Language is one of the distinguishing peculiarities of any country, any region, and any society. It is perceived as an additional cultural, national, or social attribute, and it is inseparable from all components needed to be known when visiting or living in some country. This issue concerns both the native-born speakers and the immigrants, newcomers.
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It bears the symbolic meaning of assimilation and acculturation at a new place, and the correct or wrong speaking and writing will show the true identity of a person at once. Some native speakers are initially illiterate, but the traditional stereotype that has been forming for centuries is that immigrants will always speak worse than any native speaker. In her essay “Mother Tongue,”Amy Tan raises these issues of linguistic dominance.
Being a Chinese American, she explores the history of her family and the assessment given to her and her mother by others judging from the level of proficiency in English they had.
The writer shows a couple of examples of how different the attitude of people was when she talked to them by phone on behalf of her mother, using correct and sophisticated phrases, and how detached and unserious was the treatment when her mother spoke personally, using the ‘broken’ and ‘limited’ language (Tan 1-2).
It is this broken and limited language that symbolizes the limited opportunities for immigrants. People who hear the ‘limited’ language feel free to show disrespect and neglect as they perceive people with poor linguistic possibilities as limited not only linguistically but socially, culturally, mentally, and even physically. The attitude is, in general, not serious, as Americans listen to only those who can talk like they do, becoming seemingly equal to them.
In the summary of “Mother Tongue” by Amy Tan it is clearly seen that in case the language is not pure, is broken or limited, the feeling of dominance comes to Americans only on a linguistic basis. One can see the many proofs for this fact in the treatment Tan’s mother received from a stockbroker, the medical staff in a hospital, etc. When Tan started to speak correctly, the attitude changed at once, which spoke quite eloquently about the direct connection between linguistic skills and respect.
The language of a family indeed leaves a trace on the further possibilities of a child in America. Tan has also felt this in her studies as she was much more proficient in precise sciences, and English was a vague, multifaceted, and multivariate subject. The author’s observation that the IQ tests, the achievement tests, etc. also depended seriously on the level of knowing English is correct.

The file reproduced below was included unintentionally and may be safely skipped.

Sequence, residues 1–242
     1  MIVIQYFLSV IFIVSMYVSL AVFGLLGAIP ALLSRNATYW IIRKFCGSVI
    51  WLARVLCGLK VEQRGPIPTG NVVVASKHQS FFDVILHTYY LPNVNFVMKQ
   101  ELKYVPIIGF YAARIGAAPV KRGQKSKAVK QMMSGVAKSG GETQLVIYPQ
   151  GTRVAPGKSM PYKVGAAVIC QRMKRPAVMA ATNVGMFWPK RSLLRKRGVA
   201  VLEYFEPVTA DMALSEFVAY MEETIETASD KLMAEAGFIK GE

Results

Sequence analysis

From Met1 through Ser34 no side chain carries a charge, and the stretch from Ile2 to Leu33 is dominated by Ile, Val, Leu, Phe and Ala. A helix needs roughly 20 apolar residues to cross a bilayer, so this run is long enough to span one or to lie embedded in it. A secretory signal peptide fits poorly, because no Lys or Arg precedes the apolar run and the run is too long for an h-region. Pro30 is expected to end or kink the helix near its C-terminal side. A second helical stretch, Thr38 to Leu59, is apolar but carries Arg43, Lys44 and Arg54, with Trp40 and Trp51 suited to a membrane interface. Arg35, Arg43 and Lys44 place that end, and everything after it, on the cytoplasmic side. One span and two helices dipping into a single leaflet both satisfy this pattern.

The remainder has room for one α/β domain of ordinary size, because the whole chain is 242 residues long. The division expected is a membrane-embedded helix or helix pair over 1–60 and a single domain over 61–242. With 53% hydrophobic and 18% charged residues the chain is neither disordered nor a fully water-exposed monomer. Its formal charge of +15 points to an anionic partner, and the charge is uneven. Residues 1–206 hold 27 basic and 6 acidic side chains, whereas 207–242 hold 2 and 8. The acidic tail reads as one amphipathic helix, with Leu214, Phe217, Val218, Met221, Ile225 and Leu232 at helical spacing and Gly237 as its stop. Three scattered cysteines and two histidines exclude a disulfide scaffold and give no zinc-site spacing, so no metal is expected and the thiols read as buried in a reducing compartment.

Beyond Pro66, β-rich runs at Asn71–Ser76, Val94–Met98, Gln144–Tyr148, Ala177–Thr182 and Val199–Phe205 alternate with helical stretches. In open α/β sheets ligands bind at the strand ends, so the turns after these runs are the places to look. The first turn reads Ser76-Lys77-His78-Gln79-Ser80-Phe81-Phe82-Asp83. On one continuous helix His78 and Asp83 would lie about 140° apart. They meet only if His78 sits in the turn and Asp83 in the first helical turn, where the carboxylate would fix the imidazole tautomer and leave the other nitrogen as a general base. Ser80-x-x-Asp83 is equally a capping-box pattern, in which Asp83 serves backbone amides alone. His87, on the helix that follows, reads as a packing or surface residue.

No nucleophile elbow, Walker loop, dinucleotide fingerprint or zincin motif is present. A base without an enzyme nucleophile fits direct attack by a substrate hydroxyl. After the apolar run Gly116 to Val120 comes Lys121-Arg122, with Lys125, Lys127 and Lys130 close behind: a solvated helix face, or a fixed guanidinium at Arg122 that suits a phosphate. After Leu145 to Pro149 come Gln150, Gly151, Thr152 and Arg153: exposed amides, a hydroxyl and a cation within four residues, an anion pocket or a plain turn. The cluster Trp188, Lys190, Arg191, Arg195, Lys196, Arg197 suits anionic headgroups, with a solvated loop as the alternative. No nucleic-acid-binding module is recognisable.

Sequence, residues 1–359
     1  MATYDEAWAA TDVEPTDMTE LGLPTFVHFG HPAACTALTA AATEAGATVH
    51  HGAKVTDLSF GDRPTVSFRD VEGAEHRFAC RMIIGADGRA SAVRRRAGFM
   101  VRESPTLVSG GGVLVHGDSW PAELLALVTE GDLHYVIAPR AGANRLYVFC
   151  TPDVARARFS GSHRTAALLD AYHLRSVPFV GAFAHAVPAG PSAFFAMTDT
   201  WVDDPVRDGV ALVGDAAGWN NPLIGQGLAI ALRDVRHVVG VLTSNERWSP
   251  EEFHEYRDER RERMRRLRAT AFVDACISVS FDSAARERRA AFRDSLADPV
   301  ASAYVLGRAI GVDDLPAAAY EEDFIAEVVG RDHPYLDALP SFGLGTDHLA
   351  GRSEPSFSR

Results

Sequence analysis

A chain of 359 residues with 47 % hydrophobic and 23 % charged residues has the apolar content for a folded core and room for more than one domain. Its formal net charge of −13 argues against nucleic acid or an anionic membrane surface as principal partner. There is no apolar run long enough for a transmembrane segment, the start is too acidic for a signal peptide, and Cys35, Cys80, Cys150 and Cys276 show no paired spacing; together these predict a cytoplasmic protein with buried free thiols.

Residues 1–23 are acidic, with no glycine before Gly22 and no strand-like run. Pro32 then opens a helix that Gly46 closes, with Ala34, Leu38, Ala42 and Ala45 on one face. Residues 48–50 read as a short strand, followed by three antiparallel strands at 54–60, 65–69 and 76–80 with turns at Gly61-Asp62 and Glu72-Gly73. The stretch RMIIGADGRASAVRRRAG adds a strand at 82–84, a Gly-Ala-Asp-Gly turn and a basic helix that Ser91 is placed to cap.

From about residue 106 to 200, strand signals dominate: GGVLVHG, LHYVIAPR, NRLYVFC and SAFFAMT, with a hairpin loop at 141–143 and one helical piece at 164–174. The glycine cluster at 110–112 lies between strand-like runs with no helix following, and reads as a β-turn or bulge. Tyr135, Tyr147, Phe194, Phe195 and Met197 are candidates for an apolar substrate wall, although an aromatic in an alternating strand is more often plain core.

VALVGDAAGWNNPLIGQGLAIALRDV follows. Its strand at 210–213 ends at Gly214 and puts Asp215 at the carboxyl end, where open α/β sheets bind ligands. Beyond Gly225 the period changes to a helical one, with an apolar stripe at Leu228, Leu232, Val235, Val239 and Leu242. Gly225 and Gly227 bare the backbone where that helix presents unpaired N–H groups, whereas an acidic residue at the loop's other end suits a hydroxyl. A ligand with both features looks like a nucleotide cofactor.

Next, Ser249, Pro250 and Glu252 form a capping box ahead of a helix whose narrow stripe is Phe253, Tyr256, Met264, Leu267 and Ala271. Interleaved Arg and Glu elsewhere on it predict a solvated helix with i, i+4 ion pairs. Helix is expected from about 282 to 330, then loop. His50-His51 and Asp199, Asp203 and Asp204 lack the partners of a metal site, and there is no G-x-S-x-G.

It is true that one cannot complete a test on any topic if he or she does not completely understand the task given in it. Hence, the achievement level becomes severely reduced, even in case the internal knowledge is incomparably higher, the immigrants will be unable to show it because of their crippled linguistic expression skills.
This is the main problem Tan claims in her essay in this citation, showing how different the inner world and the one expressed through language are: “I wanted to capture what language ability tests can never reveal: her intent, her passion, her imagery, the rhythms of her speech and the nature of her thoughts” (Tan 3-4).
It is clear from Amy Tan’s essay that the human inner world is much broader and richer than one can sometimes show, and it is the disadvantage of using a language not native to the speaker. Which type of essay is Amy Tan’s “Mother Tongue”? The essay is persuasive, and its main maint is that it is only through the mother tongue that one can reveal everything he or she has in the soul or the mind; this is the main root for under-estimation of skills of Chinese, African Americans, Mexicans, and other immigrants coming to the USA for better employment and living conditions.
Thus, it is necessary to provide better educational facilities to give immigrants a chance to realize themselves better and to be understood. However, the first step of high importance is undoubtedly the refusal from stereotypes, and the wish to listen to them, and to hear them.